She was crouched down in the corner, clenched up and tucked like a scared dog. The street was empty but for her and her crying. The kind of crying I don’t know what to do with. The hiccup, snotty kind. I asked if she was ok, if she was lost. She talked through her fingers, stuttered words expelled between shallow breaths. Her dog, Thunder had run off. Pulled the leash from her hand. She held out her palm, a thin red welt laid out like proof.

We searched the streets, me and her, calling and whistling. Found his black and brown hide tangled up in a bike rack outside a tattoo shop. He wiggled and howled and tucked his tail, knowing he’d done something wrong but not sure what.

She was already walking away when she spun around and yelled, thanks mister. Remember when you asked if there were any polite kids left in the world? I found one, right here in our home town.

Got me thinking that maybe the world ain’t going to hell after all. Got me thinking on the good stuff.

Kai: You display an Asimov quote about the role of sci-fi on your site, but the premises of your stories seem a little more in the ilk of spiritual or supernatural. What draws you to sci-fi, and what do you think authors of other genres can take away from it?

Carmen: This is such an interesting question. I’ve been drawn to sci-fi and fantasy as a young kid, and most of my stories have the genre flavors, new worlds, technology, magic and the world building that goes along with it. I also grew up the kid of a Baptist preacher, I guess you could say the spiritual ilk has always been in me as well. One of the things I love to explore is the humanity of each individual, how each of us has the capability to do good or evil or sometimes both. I think no matter what world I’m creating or technology the story has, my main exploration is about the character, what makes them do things and really, how good and evil aren’t always as different as we think they are. It’s something I think about a lot and no doubt, it seeps out in most of my stories. Sci-fi isn’t just about technology and space, it’s about the human condition living with and within both of those things.

Kai: What book or story influenced you as a child or teenager? How do you feel about that book or story now?

Carmen: I read so many books when I was a kid, my dad had an extensive and varied library, so I dug into it any chance I got between regular library visits. The book that sparked my love for Fantasy/Sci-fi was Madeleine L’Engle’s, Wrinkle in Time. I loved that the main character Meg, was a girl and a little bit quirky. I guess I could relate to that. But what really got me hooked in were the worlds she built, the planets and spells and magic––I had no idea I could go to other planets and experience magic in a book, not like that at least. It really was magic to me. I’ve reread the book several times and I can still sense that magic. I guess we’ll have to wait for a review on the movie coming out this year, but I hope, like so many of us do when our books are made into films, that they are true to the feel of it.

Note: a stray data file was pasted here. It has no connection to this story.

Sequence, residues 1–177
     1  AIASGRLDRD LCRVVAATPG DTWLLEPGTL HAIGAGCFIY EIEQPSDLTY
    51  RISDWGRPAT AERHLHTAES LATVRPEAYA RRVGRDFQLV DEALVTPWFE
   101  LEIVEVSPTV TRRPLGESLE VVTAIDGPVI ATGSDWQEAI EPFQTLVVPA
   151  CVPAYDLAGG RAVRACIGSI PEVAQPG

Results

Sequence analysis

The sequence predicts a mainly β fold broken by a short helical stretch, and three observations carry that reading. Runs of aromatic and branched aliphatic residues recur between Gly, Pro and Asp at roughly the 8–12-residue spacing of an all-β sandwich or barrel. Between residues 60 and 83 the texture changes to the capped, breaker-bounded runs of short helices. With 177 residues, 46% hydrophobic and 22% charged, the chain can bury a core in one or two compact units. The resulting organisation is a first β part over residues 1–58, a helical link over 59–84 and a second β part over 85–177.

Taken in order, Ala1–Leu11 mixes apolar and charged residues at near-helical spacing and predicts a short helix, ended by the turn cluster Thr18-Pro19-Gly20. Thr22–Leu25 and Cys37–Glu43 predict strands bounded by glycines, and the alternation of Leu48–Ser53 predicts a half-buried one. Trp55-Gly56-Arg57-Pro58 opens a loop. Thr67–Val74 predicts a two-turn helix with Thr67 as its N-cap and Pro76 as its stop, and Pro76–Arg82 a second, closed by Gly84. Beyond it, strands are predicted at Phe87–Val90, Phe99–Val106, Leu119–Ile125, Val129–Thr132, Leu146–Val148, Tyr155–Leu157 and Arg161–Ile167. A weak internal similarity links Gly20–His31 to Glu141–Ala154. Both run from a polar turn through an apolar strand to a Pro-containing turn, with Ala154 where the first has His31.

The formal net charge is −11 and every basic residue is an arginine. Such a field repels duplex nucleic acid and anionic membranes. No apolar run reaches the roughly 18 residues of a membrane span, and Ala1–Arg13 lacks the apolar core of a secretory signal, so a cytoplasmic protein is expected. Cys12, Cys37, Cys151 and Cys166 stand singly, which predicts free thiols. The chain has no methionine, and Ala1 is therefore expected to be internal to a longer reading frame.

Kai: What’s a book, movie or story you’re particularly into at the moment? Why?

Carmen: I came late to the whole Walking Dead thing and I’m completely hooked. Like most shows in the zombie genre, the story isn’t about that at all, it’s about humanity and how we react and survive in extreme situations. It reminds me a bit of the Game of Thrones in that your favorite character might be slaughtered in any given episode but maybe that’s part of the whole appeal. I am also reading the last book of Justin Cronin’s series, The City of Mirrors. The way he put a new twist on the whole vampire story was so appealing. The apocalyptic world building and character development pulled me right in as well. I’d recommend these books to anyone who loves a story that explores the strength of humanity and their will to survive.

Kai: What’s the most crucial insight you’ve had about writing, as an aspiring author?

Carmen: I don’t want to sound cliché, but I have to say that perseverance has become one of the main words I take with me every day. I’ve wanted to quit writing so many times, after heavy rounds of editing and rejection after rejection of short stories and flash fiction. Sometimes it doesn’t seem like I’ll ever get my work out there. But every step, every story is me getting better at my craft and I’m practicing perseverance every day.

Kai: What’s one thing about you—your life, your habits, your favorite things, etc.—that people find hard to believe?

Carmen: I do have a slight obsession with fountain pens and knives made from Damascus steel. The knife thing makes sense, you know, in case the apocalypse hits but I’m not sure why I love the fountain pens so much––could be the awesome ink colors and the scratching sound it makes on paper.

Kai: If you died tomorrow, what would you want people to remember about you?

Carmen: That I wasn’t afraid of alleyways and believed in the unbelievable. And along my journey, I met other travelers, listened to their stories and they made me a better person because of it.


Visit Carmen Kern’s author website here or her photography website here. You can also follow her on Twitter as @CarmenDKern.

Kai Raine is the author of the fantasy novel These Lies That Live Between Us.